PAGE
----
This would just be another goofy belief, and heaven knows those are a dime a dozen, but he has somehow convinced the people who run the National Forensic Academy in Oak Ridge, Tennessee that his technique is scientifically sound. He has some kind of cockeyed explanation of how it works -- that the effect is due to piezoelectricity, a phenomenon where certain crystalline substances develop a charge when they're subjected to mechanical stress. Piezoelectricity is real enough; it's the basis of quartz watches, inkjet printing, and electric guitar pickups. But even if decomposing bone can generate some net static charge, it would leak away into the soil it's buried in -- there's no mechanism by which it could exert a pull on some bent wires several meters away. (Actually, Vass claims he's successfully found corpses this way from a hundred meters away. If the static charge is that high, you shouldn't need a dowsing rod to detect it -- a plain old boring volt meter would work. Funny how that never happens.)
And, of course, there's the problem that it doesn't work for everyone. Vass has an answer for that, too. "If people don’t have the right voltage, it’s not going to work," he says. "Everything in the universe vibrates at a very specific frequency. Gold has a gold frequency, silver has a silver frequency, and your DNA has your frequency."
I guess bullshit has a specific frequency, too.
The problem is that Vass isn't just playing around, or doing something that isn't a huge deal if it doesn't work (like finding a well drilling site). This is injecting pseudoscience into police investigation. And recently, he's gone one step further; he has invented, he said, a "quantum oscillator" that supposedly picks up a person's "frequency" from something like a hair sample or fingernail clippings, and then beams that frequency out, and it will somehow interact with the person (or his/her corpse), and send back a signal to the device...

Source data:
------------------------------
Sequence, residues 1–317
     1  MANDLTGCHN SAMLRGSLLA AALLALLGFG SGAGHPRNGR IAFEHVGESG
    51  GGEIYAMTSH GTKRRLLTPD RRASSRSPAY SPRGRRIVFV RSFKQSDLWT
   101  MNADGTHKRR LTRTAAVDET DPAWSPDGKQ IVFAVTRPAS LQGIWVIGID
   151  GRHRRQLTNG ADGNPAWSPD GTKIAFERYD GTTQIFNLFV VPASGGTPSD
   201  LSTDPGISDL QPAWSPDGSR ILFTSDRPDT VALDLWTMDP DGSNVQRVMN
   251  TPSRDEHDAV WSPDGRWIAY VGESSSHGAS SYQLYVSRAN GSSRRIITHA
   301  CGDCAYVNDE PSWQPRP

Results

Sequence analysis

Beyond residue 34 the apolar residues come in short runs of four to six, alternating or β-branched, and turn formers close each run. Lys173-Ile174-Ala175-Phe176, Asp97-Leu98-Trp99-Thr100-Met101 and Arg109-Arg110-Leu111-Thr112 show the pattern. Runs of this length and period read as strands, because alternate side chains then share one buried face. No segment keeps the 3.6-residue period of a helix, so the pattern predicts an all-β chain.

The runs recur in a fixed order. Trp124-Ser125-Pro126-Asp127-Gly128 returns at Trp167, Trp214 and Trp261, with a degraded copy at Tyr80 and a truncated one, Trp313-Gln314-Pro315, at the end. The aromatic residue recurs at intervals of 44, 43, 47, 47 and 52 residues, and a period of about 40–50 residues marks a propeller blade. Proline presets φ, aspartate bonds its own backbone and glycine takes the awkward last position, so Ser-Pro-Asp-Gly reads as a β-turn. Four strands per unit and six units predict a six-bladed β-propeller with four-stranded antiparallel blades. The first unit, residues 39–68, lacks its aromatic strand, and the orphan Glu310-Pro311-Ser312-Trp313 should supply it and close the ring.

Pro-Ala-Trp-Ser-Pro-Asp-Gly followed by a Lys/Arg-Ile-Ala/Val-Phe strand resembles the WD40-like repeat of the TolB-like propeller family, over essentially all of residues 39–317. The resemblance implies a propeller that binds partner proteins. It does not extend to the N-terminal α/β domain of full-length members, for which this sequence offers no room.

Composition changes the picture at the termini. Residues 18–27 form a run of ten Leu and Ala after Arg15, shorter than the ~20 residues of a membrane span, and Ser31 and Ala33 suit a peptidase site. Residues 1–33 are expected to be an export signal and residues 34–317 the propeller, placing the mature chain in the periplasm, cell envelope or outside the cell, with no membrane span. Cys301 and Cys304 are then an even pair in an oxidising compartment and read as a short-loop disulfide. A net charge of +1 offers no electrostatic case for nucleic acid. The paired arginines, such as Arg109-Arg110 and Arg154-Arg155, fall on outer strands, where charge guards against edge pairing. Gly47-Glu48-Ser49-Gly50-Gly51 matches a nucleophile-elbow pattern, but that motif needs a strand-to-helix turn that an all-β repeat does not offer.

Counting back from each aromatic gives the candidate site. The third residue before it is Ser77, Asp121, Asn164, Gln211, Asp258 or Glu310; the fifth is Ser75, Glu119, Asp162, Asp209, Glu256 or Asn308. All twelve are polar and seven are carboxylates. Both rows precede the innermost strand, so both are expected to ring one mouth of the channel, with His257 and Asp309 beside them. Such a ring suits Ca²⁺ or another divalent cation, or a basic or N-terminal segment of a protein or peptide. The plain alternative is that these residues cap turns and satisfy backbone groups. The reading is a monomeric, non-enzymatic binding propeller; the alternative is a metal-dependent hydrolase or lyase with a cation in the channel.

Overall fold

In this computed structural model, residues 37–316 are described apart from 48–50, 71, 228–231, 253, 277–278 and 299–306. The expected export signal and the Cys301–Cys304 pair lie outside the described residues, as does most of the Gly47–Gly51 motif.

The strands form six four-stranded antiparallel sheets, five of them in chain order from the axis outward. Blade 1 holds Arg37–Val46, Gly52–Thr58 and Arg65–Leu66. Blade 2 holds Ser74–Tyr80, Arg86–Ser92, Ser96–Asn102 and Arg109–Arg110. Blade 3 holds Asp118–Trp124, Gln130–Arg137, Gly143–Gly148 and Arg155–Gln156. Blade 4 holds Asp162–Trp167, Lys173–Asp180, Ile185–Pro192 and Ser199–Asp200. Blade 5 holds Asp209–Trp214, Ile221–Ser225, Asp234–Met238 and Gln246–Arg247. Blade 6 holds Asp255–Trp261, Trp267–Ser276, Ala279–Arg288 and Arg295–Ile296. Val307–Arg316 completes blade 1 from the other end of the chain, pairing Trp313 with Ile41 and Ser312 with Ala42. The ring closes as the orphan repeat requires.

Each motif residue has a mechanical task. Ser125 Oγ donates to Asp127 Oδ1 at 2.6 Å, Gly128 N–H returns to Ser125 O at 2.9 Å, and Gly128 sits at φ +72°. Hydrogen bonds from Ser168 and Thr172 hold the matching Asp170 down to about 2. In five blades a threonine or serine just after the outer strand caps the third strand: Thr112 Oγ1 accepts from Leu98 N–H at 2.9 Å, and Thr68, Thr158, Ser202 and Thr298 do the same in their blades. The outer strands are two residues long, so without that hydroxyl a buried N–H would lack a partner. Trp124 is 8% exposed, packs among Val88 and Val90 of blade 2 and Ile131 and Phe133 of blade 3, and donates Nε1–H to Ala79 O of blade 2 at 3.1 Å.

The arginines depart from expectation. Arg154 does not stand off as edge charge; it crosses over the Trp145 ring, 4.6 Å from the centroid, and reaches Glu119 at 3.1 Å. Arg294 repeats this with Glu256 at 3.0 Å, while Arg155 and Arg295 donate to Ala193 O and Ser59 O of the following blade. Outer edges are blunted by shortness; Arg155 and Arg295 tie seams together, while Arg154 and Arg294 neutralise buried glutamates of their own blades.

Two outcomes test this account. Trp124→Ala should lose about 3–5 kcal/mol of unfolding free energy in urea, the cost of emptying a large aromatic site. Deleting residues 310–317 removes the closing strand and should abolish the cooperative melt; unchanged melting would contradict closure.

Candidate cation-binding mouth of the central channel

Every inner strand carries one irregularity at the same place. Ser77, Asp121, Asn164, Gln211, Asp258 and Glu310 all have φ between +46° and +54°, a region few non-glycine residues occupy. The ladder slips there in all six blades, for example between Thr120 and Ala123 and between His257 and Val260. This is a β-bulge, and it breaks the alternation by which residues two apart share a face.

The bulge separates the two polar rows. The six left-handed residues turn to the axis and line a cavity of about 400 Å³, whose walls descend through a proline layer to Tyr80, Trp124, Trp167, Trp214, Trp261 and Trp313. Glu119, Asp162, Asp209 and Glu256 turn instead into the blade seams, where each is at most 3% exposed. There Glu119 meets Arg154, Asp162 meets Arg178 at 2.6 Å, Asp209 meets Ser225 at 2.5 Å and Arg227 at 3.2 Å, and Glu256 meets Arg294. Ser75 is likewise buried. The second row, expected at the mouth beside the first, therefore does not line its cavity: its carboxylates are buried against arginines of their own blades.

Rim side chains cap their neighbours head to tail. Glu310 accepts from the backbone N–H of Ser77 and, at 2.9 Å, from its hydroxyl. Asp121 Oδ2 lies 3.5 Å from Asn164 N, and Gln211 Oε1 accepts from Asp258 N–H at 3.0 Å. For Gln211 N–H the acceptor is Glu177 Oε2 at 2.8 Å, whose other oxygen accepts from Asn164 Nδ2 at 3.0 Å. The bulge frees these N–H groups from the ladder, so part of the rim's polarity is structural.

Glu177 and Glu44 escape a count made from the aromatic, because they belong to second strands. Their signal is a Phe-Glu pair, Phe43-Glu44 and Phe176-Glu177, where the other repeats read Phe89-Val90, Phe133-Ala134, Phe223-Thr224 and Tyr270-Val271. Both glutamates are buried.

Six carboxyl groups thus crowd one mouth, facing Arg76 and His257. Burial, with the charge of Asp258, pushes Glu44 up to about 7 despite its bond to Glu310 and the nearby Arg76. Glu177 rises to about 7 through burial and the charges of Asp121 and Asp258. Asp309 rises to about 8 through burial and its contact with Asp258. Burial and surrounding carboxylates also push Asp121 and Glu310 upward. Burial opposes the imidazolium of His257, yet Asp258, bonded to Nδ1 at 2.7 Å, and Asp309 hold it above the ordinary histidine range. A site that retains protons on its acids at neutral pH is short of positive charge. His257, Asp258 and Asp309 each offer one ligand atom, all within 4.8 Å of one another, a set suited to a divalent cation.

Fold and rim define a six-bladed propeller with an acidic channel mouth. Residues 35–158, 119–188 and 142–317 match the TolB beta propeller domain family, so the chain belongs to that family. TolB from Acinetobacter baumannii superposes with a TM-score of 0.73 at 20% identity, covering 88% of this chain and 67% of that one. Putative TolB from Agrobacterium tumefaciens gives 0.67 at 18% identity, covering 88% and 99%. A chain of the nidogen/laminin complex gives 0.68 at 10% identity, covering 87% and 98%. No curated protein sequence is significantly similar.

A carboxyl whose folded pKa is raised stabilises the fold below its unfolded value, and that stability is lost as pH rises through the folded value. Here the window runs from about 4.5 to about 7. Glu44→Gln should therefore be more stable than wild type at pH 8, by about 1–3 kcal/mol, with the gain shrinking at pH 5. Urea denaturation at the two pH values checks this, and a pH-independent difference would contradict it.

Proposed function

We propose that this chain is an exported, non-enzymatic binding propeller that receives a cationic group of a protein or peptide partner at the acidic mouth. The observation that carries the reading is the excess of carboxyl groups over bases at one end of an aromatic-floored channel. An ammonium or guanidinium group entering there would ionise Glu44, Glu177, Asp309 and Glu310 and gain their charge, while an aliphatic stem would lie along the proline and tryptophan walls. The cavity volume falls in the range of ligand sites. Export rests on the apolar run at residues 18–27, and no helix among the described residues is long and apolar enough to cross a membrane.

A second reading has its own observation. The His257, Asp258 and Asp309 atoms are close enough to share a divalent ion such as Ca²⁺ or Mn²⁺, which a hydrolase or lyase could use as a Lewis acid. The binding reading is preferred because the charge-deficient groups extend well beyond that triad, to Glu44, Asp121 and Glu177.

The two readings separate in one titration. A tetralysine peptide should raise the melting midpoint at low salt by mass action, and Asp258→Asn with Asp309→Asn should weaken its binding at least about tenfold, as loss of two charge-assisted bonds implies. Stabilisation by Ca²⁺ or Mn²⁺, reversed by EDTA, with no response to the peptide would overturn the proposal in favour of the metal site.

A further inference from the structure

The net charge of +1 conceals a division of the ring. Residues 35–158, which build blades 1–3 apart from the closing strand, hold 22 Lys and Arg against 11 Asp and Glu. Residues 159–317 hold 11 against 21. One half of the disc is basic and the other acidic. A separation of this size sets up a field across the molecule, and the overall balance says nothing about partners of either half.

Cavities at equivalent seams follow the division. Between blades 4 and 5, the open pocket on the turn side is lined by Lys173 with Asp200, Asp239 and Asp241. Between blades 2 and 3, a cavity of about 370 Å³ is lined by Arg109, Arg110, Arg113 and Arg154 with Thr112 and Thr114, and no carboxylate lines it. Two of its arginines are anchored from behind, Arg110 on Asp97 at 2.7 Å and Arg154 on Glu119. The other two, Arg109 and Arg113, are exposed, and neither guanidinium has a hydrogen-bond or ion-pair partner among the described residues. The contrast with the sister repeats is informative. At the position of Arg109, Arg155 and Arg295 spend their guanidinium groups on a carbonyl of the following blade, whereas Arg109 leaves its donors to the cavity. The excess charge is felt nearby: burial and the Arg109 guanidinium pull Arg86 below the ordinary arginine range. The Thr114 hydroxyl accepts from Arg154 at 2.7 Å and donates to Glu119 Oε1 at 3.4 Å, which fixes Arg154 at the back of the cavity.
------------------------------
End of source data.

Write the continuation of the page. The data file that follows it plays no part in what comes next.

... from up to 120 kilometers away.
I was encouraged by the fact that the Mother Jones article came down fairly solidly on the side of the scientists, stating unequivocally that there is no evidence that any form of dowsing works. They also highlighted the human side of this; Randy Shrewsberry, founder of the nonprofit Criminal Justice Training Reform Institute, was quoted as saying "Law enforcement regularly accepts the flaws of these practices despite the life-altering impacts that can occur when they’re wrong." In one Virginia case, a man was convicted of murder even though no body of the victim was found -- in part, because of testimony from Vass that his device had found the victim's "frequency" in eight locations, indicating that her body had been dismembered.
Eric Bartelink, professor of anthropology at the University of California - Chico and former president of the American Board of Forensic Anthropology, was unequivocal. "Vass is operating these services that are not scientifically valid. It’s very misleading to families and law enforcement."
So at least some prominent voices in the field are speaking up to support the findings of every scientific study ever done on the practice of dowsing. I'm still appalled that a forensic training academy has somehow been convinced to take Vass and his nonsense seriously; I guess being highly educated isn't necessarily an immunization against confirmation bias. As for me, I'm calling bullshit on the whole practice.
Beam that into your "quantum oscillator," buddy.